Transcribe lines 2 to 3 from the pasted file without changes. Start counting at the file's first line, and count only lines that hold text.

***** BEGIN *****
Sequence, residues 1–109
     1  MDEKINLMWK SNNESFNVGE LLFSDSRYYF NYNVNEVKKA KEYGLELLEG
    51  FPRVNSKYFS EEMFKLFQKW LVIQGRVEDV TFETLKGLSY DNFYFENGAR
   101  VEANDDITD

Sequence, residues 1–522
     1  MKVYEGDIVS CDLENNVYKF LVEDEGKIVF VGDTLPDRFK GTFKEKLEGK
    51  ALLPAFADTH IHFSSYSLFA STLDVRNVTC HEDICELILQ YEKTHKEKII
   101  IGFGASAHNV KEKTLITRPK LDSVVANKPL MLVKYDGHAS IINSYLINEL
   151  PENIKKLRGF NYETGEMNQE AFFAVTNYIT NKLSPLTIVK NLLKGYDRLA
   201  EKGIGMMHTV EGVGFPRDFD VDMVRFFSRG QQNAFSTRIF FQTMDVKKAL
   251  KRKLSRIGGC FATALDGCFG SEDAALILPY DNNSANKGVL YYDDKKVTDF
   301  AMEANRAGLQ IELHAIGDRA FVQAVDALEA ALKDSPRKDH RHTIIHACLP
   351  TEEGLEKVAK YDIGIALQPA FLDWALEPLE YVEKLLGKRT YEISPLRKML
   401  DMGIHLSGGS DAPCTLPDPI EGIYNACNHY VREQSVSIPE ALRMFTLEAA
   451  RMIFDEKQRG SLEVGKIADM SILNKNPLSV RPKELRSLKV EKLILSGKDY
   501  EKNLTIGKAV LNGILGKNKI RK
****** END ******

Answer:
     1  MDEKINLMWK SNNESFNVGE LLFSDSRYYF NYNVNEVKKA KEYGLELLEG
    51  FPRVNSKYFS EEMFKLFQKW LVIQGRVEDV TFETLKGLSY DNFYFENGAR